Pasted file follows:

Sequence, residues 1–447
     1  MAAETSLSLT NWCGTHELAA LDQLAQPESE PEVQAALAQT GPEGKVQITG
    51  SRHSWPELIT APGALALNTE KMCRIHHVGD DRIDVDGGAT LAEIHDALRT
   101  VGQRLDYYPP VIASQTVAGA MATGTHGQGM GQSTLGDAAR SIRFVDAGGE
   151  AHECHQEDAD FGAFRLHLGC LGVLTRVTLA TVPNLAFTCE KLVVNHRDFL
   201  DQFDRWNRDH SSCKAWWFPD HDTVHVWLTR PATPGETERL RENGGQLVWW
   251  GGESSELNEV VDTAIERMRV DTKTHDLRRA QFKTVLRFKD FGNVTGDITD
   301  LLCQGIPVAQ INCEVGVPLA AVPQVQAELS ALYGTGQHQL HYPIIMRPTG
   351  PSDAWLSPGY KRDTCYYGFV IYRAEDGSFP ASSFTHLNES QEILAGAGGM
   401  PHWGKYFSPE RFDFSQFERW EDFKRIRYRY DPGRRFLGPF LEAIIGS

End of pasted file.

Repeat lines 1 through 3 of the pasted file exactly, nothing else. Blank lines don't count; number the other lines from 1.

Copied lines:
Sequence, residues 1–447
     1  MAAETSLSLT NWCGTHELAA LDQLAQPESE PEVQAALAQT GPEGKVQITG
    51  SRHSWPELIT APGALALNTE KMCRIHHVGD DRIDVDGGAT LAEIHDALRT